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Imagine you are taking a walk in the forest or simply enjoying a sunny afternoon in your yard. Suddenly, you come across a tiny bird that has fallen from its nest. You want to put it back in its place, but then you remember what your parents told you when you were a child: “If you touch a baby bird, its mother will probably abandon it and it will die.” But is it really true?
Fortunately, this is a myth. In fact, this popular belief not only minimizes the parental instinct of birds1, but it also goes against a fundamental aspect of their biology. The concept is not to give up so easily on what has “cost” them energy (in terms of attention and provision of food) to nurture and protect their young. Moreover, this myth assumes that birds have an excellent sense of smell, which is not entirely wrong given recent research2 on the subject. But in any case, this false belief also has its upsides, as it prevents people from disturbing wildlife.
Because the truth is, birds don’t abandon their young in response to human touch, but they can abandon their offspring and nest in response to disturbance3.
Like most wild animals, birds have an instinct to protect their offspring. In fact, animals can resort to extraordinary means to ensure the survival of their young. For example, mother ducks may fake a broken wing to distract predators, and a cheetah will move her babies every four days to avoid the buildup of smell that predators can track. Another astonishing and very touching example is the case of elephants, who “mourn” their dead and go so far as to adopt an orphan baby elephant.
Of course, there are cases when an animal can abandon its young, but this almost only happens when the instinct for self-preservation takes over the maternal instinct.
Thus, a mother bird who has spent time nurturing and protecting her babies is not going to abandon them at the slightest danger, because that would go against her instincts.
It is wrong to claim that birds have no sense of smell. Indeed, recent studies show that several species of birds have a complex and developed olfactory system, which allows them, among other things, to orient themselves in flight, locate their nest in the trees, feed, and even choose a mating partner.
However, there is no evidence that birds can detect or even be bothered by human scent. In fact, baby animals that have been handled by biologists in controlled research are usually reunited with their mothers afterward, and the mothers don’t seem bothered by the smell of biologists on their young. However, scientists must work quickly to minimize disturbance, which seems to be the real problem in cases of animal parents abandoning their young.
The belief that mother birds will abandon their young if a human touches them is unfounded, but it does have benefits. In effect, it prevents people from disturbing the wildlife instead of letting nature take its course.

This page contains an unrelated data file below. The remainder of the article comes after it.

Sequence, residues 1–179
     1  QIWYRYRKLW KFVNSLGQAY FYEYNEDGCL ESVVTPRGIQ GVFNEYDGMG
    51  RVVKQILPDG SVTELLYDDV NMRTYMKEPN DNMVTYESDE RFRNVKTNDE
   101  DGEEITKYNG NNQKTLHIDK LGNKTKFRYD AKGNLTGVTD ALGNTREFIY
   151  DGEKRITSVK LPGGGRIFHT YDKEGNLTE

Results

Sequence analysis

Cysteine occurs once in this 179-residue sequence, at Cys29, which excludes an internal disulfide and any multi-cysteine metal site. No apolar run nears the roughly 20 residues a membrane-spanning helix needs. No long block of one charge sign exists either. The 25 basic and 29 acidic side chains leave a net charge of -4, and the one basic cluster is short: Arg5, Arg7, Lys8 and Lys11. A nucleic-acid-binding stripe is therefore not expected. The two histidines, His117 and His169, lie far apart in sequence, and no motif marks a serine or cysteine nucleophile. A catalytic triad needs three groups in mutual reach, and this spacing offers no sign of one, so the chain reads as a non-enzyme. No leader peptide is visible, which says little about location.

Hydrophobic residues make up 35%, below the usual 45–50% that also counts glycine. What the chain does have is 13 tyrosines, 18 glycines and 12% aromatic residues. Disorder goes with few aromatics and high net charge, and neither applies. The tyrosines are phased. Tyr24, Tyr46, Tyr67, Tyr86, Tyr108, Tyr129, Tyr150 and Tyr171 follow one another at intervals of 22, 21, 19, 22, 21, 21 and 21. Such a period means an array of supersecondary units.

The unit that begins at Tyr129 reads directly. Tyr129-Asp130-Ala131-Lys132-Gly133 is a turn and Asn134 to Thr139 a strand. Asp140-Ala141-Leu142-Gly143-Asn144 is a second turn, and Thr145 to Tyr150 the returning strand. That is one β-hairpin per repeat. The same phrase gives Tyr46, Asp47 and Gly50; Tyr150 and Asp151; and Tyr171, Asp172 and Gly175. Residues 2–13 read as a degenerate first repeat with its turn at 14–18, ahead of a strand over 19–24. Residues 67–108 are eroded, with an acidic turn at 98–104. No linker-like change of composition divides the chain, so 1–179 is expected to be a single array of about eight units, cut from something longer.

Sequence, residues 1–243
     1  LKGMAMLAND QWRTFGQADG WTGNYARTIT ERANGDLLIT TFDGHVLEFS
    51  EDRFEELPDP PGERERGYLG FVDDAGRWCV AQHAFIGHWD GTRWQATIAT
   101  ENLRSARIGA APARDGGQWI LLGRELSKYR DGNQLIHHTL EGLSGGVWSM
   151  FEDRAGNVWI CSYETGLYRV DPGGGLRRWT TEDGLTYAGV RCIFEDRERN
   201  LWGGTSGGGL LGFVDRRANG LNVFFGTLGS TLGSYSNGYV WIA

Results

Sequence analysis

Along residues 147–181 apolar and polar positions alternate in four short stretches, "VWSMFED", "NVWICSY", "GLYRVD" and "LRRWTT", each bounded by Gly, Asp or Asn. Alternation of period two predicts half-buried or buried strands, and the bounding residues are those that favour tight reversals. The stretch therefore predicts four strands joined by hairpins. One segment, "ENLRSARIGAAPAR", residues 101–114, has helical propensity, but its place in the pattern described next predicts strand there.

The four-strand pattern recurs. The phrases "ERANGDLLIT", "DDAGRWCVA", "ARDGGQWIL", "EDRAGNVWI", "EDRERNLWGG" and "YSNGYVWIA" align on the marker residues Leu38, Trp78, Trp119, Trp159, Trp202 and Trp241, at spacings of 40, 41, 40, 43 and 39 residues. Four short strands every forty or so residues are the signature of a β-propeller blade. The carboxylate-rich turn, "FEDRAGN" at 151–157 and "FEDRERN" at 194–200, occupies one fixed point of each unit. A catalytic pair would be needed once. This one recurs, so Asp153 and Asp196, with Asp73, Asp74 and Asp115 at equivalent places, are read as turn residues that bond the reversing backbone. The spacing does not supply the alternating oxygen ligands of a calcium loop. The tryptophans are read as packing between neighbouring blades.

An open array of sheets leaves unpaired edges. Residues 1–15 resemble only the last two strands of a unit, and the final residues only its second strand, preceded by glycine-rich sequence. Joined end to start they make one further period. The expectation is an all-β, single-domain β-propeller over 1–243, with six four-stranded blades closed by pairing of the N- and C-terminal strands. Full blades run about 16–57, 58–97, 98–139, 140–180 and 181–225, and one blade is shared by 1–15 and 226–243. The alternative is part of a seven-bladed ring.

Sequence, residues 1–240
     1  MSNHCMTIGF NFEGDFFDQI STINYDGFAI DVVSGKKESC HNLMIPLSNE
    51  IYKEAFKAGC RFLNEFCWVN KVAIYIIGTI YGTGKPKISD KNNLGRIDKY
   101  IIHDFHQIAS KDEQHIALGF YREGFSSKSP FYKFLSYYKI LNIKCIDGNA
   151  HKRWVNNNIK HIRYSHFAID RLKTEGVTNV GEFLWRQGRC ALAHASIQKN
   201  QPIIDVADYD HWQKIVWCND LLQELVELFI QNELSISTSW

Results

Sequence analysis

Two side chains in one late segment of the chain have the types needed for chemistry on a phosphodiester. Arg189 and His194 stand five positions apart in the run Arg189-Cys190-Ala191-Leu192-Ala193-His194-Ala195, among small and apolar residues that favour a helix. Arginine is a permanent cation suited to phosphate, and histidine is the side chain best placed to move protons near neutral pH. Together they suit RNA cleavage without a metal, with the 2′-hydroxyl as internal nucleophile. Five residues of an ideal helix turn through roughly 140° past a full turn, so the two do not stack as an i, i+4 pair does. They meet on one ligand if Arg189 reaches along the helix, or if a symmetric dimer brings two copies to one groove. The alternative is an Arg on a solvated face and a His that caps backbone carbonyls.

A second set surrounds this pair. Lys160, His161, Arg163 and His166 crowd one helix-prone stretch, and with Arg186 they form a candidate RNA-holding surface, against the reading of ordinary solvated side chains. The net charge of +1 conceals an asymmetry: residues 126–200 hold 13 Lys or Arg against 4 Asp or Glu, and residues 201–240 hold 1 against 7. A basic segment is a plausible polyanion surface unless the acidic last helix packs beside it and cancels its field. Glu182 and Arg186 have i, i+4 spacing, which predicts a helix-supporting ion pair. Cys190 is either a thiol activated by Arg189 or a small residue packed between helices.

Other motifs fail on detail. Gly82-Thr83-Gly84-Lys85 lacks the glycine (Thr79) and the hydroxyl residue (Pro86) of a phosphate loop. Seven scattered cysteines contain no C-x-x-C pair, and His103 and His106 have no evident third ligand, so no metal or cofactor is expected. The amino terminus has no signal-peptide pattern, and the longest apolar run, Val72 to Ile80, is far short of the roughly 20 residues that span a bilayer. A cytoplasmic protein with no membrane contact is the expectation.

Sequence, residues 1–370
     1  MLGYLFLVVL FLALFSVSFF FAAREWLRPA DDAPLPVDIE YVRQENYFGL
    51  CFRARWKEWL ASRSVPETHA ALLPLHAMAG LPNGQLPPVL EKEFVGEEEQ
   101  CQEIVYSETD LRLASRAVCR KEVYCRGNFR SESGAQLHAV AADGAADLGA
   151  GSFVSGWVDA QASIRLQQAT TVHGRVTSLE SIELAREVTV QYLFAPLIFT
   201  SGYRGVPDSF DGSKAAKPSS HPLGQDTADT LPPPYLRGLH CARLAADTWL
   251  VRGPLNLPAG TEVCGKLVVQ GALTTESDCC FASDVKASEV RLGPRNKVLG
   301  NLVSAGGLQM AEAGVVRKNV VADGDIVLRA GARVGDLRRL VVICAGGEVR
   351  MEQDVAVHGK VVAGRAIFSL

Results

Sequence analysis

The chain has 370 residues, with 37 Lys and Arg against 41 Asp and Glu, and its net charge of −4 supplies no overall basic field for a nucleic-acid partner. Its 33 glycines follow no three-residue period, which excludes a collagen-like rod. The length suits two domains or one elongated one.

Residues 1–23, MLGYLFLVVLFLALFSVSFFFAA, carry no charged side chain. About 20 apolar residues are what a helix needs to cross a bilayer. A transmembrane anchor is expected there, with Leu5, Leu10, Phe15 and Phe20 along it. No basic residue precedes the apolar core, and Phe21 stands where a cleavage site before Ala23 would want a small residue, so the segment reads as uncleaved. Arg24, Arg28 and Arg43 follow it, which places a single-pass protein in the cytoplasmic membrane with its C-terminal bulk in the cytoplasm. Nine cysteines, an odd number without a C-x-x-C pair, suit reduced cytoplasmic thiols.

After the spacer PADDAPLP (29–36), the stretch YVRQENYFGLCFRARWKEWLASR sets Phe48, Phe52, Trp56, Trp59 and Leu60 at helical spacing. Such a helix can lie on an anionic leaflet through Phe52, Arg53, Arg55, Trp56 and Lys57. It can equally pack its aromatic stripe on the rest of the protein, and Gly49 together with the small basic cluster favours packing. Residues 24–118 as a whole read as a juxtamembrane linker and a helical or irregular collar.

But what if you find a baby bird outside its nest? Should you put it back in its nest, knowing that the mother bird probably won’t abandon it because of your scent? Not so fast! The truth is that although baby birds are sometimes seen outside their nests, that’s not necessarily a bad thing, and it doesn’t always require human assistance.
Baby birds learning to fly sometimes fall out of their nests from jumping around and also because they have not yet mastered their wings. However, a small bird that hops on the ground has not necessarily fallen from its nest: if it has feathers and moves relatively easily on the ground, it is probably just practicing its flight.
However, if you find a baby bird with only down, appears blind, and has trouble moving on its own, it is probably a fledgling that has fallen from the nest. In this case, you can pick it up very gently and put it back where it belongs.
The rule of thumb when finding baby animals is to leave them alone. Often, a baby bird found on the ground does not need your help, as it is quite possible that its parents are not far away and are waiting for you to leave. However, in rare cases, returning a fledgling to its nest may be the right thing to do, especially if it is still too small to fly on its own. So, if the nest is accessible, you can carefully put the baby bird there without fear that its mother will abandon it because of your smell.
Featured Image Credit: Malik Haris 10, Shutterstock
Genevieve is a biologist and science writer and has a deep love for capuchin monkeys, pumas, and kangaroos, which has taken her around the world to work and volunteer for several wildlife rehabilitation centers. A Canadian expat, Genevieve now lives in Argentina, where she wakes up every morning to horses and cows saying hello from the vast plain next to her home office window. Having the privilege of sharing her knowledge and passion for animals of all kinds is what makes her fulfilled and happy.
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